- In action bar (action items) you can place any bookmark of frequent usage as bookmarklets you use, links to web applications, points of access to the information you are interested in, etc. As a reference, my action bar consists by 6 main folders, namely Blogging (links related to my blogging activities), Dashboard (all the links related to administration tasks for various web applications), Daily (links I visit every day as news sites, etc., thanks goes to Michael Hyatt for this category), Q.Links (Quick Links in specific areas of applications such as my Google Plus or Facebook profile, my Twitter channels, links to web applications related to further reading or things I didn’t find time to review, like Amazon, Kindle Cloud Reader, Goodreads, Instapaper, etc), Act.Later category (includes links related to things or tasks I want to study or proceed further such as software and tools I’d like to see, services to check out further, etc.) and finally the @Act.On category (includes mainly bookmarklets, performing various tasks, such as quick bookmarking (!!!) in different services I use, read later tasks, etc. The @ sign denotes action, such as in GTD methodology). Of course, every main action category includes sub-categories, according to my needs. For instance, the dashboard category includes sub-categories for the administration of my blogs and my sites, the collaboration tools I use, etc.
- In reference Items, go all the rest bookmarks and links that can be used or exploited in a further time. These links are best to be organized in categories that have a functional meaning for you (you can see mine categories in the picture).
- Categorize each and every bookmark in their respective category and use it according to the tasks you have to perform with each bookmark you store (i.e. review a paper, an article, a post, Read news, etc.).
- Review and amend accordingly the bookmarks you have already stored or are in temp folders, change their position according to their utilization or delete them when the tasks relate to them have completed.
- That all, folks!
The workflow, after you implement a scheme like the suggested one, is easy enough.
You are on a web page, for instance, describing a new product, tool, services, information, you would like to learn further, but you don’t have the time to take a look right now. Simple, you can use read it later tools such as Instapaper or pocket utilizing the appropriate bookmarklets for such a task in your @Act.On category (or the similar one), or, if you don’t want to overload you later reading task list, you can use the Act.Later category (sub-category Services for instance !!!) to store it the link for further usage.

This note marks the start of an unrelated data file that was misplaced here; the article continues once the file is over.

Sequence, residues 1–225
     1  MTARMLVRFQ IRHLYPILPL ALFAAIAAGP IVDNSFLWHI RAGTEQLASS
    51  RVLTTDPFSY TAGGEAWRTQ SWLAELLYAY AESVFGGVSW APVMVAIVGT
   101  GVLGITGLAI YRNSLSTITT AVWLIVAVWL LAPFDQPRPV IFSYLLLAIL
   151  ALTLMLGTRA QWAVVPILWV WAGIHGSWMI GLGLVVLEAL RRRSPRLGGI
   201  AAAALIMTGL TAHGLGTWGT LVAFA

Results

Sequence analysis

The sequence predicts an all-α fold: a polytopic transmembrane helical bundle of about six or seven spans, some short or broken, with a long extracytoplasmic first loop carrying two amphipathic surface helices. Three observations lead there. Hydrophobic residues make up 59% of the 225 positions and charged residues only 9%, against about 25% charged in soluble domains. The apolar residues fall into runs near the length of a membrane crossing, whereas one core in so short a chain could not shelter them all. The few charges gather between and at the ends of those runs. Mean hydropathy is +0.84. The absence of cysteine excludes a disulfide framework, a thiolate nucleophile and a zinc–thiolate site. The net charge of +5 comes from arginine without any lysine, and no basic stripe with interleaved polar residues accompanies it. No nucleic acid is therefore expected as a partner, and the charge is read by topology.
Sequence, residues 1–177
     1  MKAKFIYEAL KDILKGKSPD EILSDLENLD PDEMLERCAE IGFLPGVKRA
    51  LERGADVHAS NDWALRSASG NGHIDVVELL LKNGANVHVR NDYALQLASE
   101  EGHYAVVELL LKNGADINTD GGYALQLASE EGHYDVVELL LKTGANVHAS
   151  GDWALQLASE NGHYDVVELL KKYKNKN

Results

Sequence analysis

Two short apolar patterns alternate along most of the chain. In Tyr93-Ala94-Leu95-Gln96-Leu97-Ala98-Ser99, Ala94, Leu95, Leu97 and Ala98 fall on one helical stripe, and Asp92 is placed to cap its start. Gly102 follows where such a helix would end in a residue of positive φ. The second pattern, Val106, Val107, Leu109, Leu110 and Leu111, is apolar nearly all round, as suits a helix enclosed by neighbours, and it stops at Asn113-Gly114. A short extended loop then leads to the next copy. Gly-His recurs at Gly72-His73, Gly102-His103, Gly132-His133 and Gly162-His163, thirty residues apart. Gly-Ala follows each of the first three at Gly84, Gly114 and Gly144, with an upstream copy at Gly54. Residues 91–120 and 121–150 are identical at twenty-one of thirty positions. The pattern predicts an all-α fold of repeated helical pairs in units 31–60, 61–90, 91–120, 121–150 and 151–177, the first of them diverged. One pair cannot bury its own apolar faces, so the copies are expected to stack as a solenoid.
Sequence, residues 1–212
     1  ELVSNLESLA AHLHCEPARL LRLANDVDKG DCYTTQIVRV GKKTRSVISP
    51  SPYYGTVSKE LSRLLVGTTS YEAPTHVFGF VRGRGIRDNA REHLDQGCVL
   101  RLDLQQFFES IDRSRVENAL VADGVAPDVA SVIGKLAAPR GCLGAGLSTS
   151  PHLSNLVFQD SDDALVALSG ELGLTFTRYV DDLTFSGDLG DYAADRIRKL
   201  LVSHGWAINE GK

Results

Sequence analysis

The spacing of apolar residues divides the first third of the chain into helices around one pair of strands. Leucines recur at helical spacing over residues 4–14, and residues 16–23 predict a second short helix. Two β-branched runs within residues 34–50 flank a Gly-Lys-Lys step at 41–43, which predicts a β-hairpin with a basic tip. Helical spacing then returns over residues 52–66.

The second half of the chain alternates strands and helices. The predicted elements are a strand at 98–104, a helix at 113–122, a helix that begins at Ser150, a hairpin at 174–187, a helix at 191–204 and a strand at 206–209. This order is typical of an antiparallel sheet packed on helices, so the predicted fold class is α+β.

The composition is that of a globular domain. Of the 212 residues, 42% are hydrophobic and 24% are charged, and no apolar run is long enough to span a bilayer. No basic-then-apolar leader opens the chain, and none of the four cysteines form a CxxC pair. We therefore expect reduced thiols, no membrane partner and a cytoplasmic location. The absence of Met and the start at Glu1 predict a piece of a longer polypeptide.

The reason for the implementation of such a scheme is:
- To use the internal mechanisms and shortcuts of browsers for quick and easy organization of links (such as the Ctrl+D shortcut in Chrome)
- To remove easily redundant links from temp categories without intervention to the main bookmarking system
- To provide a way for easy access to information and applications of importance
- To reduce the information overload by using temp locations for information to be processed at a later time without pile up information in large and already saturated Read Later lists.
- To provide a secondary mechanism for not loose an important information.
- To provide a constant bookmarks scheme easily portable across different bookmarking services and browsers in different computing platforms.
This scheme, in order to have a larger range of application, needs some more supportive tools such as a synchronization extension for sync all the bookmarks across different browsers and platforms (I use the Xmarks), and perhaps an extension for remove duplicate bookmarks (like SuperSorter).
Furthermore, you can enhance your bookmarks functionality with tools such as Holmes, Neater Bookmarks or Quickmarks, as these tools presented by Saikat Basu in his article: “Use these 3 Chrome Extensions To Speed Search Your Bookmarks With A Keystroke” or find some more, more suitable for your needs.
Do you think, you can use a system like that? Can you find it useful in your everyday activities? Please comment.